From Hackers to Ultimatums: A $200 Million DeFi Drama Unfolds

Monday March 15th, 2021 was a day of aftermath after almost $200 million was stolen from the Ethereum-based DeFi platform Euler Finance in a single exploit. In a desperate attempt to retrieve their losses, the Euler Foundation reached out on-chain to the hacker, sending a message with an ultimatum – offer to return 90% of the funds within 24 hours or be met with a $1 million reward for information leading to their arrest and the return of the funds.

However, it was not to be. The hacker was undeterred by the $1 million bounty, and sent 1,000 ETH (approximately $1.78 million at the time) to the privacy preserving Tornado Cash mixer.

This kind of brazen attack on one of the new DeFi protocols isn’t unheard of – according to blockchain forensics firm Chainalysis, 2022 was the biggest year for crypto hacks and exploits to date, with $3.8 billion stolen across DeFi protocols. It’s easy to see why these new blockchain-based services are so attractive to hackers – but what was the story behind this attack on Euler Finance?

The attack reportedly began when the hacker exploited a flash loan on a decentralized finance platform to get a loan of funds with no collateral, and immediately liquidated them for ones that used the same mechanism. With 30 minutes and a single transaction, the hacker was able to siphon off DAI ($8.7 million), Wrapped Bitcoin (WBTC, $18.5 million), Staked Ethereum (stETH, $135.8 million), and Circle’s USD stablecoin (USDC, $33.8 million).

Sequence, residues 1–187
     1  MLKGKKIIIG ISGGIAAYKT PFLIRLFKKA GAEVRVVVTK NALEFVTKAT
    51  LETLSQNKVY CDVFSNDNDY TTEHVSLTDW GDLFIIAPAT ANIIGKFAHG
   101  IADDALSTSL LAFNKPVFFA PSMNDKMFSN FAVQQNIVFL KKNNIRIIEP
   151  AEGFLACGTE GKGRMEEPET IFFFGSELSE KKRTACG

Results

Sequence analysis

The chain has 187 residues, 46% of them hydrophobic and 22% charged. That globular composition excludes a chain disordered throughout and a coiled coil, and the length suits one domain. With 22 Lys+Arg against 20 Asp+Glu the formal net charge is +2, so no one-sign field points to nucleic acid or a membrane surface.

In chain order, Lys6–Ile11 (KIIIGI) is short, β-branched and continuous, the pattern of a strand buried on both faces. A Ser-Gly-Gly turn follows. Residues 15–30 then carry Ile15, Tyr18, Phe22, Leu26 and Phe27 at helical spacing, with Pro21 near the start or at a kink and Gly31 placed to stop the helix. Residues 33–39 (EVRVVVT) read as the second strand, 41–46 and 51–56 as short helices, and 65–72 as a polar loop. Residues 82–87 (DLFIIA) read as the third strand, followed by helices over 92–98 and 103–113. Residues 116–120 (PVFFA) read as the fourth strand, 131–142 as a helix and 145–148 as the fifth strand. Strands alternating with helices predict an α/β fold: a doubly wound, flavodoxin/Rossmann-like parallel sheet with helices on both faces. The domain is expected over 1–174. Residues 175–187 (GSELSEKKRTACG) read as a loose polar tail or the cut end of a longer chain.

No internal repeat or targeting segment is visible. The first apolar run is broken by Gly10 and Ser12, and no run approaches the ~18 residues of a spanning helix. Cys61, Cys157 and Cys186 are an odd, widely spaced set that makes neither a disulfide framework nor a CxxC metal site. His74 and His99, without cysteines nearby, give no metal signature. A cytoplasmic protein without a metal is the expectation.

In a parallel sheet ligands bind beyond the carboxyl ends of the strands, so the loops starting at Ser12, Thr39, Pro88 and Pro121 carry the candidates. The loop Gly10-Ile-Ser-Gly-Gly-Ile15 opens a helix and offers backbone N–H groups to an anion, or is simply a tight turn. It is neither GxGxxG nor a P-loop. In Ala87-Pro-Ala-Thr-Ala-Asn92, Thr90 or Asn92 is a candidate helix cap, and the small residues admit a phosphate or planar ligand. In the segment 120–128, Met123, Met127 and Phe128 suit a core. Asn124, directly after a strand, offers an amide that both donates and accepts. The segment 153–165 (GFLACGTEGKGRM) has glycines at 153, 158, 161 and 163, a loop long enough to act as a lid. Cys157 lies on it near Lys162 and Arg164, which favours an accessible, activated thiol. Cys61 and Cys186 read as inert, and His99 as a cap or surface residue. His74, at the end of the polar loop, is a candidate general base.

With nearly sleepwalking into such immense losses, Euler Finance had to act fast. They immediately contacted blockchain security researchers, law enforcement, and the Ethereum security community for help. They also reached out to the hacker anonymously through on-chain messages, requesting to set up a secure communication channel to discuss “any potential next steps”. In the message, they even offered to not pursue legal action if they were returned the funds – a bold move which the hacker was evidently unwilling to take up.

Analysts identified the funds used in the attack as having been used in other hacks in the past. Even more worrying, many of these previous attacks have been linked to North Korean state-sponsored Lazarus hacking group. While this could have been a misdirection tactic to obscure the hacker’s identity, it could also point to the involvement of Lazarus in the Euler attack.

On Wednesday, Euler Finance split the difference in their tone, offering to return 90% of the funds provided the hacker make sure that investigations in the US and UK could be halted and the funds could be “distributed to protocol users”. Although this ultimatum was not accepted, enough of the Ether was recovered on Saturday that this DeFi drama appears to be coming to a close. (Phentermine)

It will remain unclear what motivated the hacker, how they were able to gain such access, or who was behind the attack. What we do know is that such incidents are becoming increasingly more common, while the sophistication and workload of the incursions increase yearly. As this collaboration between the DeFi platform, the Ethereum security community, blockchain fraud response firms, and law enforcement shows, there are plenty of entities out there willing to lend a hand and help protect the assets of their fellow DeFi users. If anyone learns a lesson from yesterday’s incident, it’s that nobody can afford to become complacent about their Ethereum assets, with no matter how secure the protocols claim to be, history has shown that nothing is impervious to a determined and patiently determined hacker.